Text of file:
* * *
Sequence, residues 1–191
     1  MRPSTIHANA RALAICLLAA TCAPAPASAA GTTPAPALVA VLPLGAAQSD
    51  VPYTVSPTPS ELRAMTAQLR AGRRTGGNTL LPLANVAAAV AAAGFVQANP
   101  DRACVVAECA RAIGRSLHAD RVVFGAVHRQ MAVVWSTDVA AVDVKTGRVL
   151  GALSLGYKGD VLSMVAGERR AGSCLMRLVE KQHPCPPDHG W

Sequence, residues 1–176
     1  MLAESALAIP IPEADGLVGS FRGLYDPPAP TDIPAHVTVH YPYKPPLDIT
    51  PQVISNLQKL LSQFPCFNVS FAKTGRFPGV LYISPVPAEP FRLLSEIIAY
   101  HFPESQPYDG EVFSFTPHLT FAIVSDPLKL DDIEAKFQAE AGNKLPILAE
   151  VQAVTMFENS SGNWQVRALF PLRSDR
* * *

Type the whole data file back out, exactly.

Sequence, residues 1–191
     1  MRPSTIHANA RALAICLLAA TCAPAPASAA GTTPAPALVA VLPLGAAQSD
    51  VPYTVSPTPS ELRAMTAQLR AGRRTGGNTL LPLANVAAAV AAAGFVQANP
   101  DRACVVAECA RAIGRSLHAD RVVFGAVHRQ MAVVWSTDVA AVDVKTGRVL
   151  GALSLGYKGD VLSMVAGERR AGSCLMRLVE KQHPCPPDHG W

Sequence, residues 1–176
     1  MLAESALAIP IPEADGLVGS FRGLYDPPAP TDIPAHVTVH YPYKPPLDIT
    51  PQVISNLQKL LSQFPCFNVS FAKTGRFPGV LYISPVPAEP FRLLSEIIAY
   101  HFPESQPYDG EVFSFTPHLT FAIVSDPLKL DDIEAKFQAE AGNKLPILAE
   151  VQAVTMFENS SGNWQVRALF PLRSDR